The film’s style reminds me of what animated superhero spoofs like The Lego Batman Movie achieve so successfully, occupying a genre and affectionately sending it up at once. Except Barbie aims to do the same at a clunkier societal level, trying to mean something more than its young candyfloss exterior. But there’s a difference between mining deadpan text for chuckles and mining it for actual commentary. The latter is awkward, because the self-seriousness of the words spoken and feelings felt reduce the film’s range to that of a campy internet skit. Real characters spelling their existentialism out are not the same as artificial characters selling their personalities out.
The makers will have us believe that the irony of Barbie being the most publicized tentpole movie in recent memory is written into the film’s conceit and aesthetic. Gerwig herself will have us believe that she cares for the all-time parable of the toy doll; that she recognizes the paradoxical voice of her own mission. But what we believe is futile is the face of a film that over-owns its cleverness. There’s not a scene that doesn’t know it’s a win-win-win one. There’s not a frame unaware that – in this hyperlinked age of commodified truths – admitting to one’s (artistic) limitations is better than not having any. Movies like Barbie know that they’re magnanimous and witty, that they’re good at being childish and squeamish at being pensive. And, keeping with this designer-kit honesty, I’m not sure how to feel about it when the end credits roll.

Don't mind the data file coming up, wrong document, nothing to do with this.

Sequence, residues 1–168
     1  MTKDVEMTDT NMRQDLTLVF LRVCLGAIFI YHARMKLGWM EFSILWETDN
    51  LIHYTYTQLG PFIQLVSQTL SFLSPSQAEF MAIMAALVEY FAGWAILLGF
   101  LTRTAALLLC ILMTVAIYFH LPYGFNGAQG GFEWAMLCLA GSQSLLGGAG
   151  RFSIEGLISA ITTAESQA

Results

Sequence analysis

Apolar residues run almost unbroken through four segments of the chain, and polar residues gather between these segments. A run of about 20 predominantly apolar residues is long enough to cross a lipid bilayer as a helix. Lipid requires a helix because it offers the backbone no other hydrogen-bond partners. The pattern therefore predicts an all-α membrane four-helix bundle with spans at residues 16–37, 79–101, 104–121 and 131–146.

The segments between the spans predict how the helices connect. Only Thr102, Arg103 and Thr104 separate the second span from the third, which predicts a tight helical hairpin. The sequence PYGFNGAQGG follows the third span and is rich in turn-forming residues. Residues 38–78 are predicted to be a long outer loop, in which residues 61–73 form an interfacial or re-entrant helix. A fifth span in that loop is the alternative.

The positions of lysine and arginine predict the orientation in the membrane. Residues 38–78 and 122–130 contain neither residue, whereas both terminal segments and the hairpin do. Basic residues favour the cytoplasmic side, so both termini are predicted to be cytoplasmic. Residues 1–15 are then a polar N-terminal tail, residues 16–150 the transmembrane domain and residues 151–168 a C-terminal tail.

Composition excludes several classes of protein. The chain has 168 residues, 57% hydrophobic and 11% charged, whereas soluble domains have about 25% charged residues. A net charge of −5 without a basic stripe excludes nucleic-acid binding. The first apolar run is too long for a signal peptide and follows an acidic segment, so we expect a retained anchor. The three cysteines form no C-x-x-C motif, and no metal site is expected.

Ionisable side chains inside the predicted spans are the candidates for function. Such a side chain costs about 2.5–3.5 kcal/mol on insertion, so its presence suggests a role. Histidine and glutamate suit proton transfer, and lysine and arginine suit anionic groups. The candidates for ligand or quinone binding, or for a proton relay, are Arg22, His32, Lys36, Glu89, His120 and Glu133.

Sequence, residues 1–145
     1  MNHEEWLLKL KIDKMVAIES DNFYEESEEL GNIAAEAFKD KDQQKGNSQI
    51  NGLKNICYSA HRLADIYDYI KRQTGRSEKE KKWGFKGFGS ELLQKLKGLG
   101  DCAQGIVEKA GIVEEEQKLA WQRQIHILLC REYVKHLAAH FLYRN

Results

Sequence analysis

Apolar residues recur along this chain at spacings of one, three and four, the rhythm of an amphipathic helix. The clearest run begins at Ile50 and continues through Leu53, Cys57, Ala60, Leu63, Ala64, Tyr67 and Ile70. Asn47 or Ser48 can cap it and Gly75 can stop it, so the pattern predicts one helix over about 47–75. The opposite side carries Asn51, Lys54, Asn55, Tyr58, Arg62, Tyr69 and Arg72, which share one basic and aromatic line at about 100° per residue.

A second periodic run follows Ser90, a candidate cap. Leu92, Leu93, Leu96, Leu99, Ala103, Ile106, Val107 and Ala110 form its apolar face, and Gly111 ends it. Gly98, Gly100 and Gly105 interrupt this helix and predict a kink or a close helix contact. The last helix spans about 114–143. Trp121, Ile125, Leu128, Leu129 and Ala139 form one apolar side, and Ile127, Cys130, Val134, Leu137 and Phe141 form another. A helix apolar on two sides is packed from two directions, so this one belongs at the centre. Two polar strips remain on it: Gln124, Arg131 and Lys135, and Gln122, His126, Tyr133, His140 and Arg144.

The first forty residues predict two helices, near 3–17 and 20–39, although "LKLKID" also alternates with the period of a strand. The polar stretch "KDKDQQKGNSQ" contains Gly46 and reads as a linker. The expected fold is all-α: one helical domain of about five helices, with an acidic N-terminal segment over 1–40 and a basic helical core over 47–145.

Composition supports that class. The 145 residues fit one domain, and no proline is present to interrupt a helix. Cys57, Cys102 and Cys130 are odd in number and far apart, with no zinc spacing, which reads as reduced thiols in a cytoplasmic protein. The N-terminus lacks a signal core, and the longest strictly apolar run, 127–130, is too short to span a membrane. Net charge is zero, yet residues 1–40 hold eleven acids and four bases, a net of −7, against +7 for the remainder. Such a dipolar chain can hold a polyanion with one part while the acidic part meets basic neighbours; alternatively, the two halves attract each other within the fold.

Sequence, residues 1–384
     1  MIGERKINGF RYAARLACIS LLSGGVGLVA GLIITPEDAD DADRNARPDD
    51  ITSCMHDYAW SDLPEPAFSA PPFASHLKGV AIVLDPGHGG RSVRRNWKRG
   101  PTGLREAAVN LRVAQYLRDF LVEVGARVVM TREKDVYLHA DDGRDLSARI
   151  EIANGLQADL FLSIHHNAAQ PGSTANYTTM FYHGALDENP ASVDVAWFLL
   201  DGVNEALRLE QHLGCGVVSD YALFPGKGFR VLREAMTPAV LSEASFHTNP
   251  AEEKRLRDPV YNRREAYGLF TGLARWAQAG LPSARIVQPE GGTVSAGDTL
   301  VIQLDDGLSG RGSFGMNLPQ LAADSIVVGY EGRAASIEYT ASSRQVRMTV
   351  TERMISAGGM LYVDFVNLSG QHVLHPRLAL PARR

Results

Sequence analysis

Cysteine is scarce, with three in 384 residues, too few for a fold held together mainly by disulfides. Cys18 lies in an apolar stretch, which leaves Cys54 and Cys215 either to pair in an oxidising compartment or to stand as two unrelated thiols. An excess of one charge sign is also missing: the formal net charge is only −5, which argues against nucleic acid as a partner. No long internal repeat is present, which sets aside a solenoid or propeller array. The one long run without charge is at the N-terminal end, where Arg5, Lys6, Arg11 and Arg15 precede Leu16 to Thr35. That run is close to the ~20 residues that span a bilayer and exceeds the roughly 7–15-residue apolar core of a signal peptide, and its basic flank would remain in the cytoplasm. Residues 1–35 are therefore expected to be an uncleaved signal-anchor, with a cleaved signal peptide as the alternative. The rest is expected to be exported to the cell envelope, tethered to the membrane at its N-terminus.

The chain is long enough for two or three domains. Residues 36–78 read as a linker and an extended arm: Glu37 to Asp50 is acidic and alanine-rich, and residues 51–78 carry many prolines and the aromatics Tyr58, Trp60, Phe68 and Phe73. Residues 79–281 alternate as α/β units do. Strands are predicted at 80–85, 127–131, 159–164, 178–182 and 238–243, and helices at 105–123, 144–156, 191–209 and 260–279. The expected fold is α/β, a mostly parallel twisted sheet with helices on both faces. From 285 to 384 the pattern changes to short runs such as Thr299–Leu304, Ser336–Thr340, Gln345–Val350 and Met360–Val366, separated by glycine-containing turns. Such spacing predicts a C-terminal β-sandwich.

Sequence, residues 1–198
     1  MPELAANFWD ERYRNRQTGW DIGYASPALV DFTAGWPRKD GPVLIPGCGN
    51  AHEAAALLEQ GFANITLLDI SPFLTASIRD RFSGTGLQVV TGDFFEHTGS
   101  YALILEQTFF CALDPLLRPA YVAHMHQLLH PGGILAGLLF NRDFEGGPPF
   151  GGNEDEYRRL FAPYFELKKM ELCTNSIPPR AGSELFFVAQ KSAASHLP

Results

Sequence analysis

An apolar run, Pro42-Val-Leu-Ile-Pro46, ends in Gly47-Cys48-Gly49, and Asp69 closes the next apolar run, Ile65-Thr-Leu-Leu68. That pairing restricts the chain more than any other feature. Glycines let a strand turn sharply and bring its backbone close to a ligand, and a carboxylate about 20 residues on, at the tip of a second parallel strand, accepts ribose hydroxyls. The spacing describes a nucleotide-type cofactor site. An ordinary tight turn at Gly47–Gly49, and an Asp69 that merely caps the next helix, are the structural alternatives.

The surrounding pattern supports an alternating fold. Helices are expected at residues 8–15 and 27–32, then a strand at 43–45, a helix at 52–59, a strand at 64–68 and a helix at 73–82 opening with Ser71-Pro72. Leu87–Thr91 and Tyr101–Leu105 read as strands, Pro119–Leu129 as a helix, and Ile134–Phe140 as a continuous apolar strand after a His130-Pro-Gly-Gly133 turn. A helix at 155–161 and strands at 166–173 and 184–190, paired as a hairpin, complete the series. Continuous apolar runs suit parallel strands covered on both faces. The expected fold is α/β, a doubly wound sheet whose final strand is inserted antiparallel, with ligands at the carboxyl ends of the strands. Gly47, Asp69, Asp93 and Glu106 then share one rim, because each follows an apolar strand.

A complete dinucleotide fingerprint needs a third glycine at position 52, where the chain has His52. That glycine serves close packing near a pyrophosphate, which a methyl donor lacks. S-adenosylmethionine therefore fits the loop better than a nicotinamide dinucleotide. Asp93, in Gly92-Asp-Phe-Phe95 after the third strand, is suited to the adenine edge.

Let’s just say that if this film were one of the dolls in Gerwig’s Barbieland, she would be called Movie Barbie, an annoyingly elastic Barbie who becomes a celebrity for being fashionably vulnerable, cracking jokes about herself, opening up to strangers, mocking her own roots, telling deceptively simple stories, taking the shape of those watching her, and laughing her way to a pink bank. Which is to say: It’s Movie Barbie’s world, we’re just Ken-ning in it.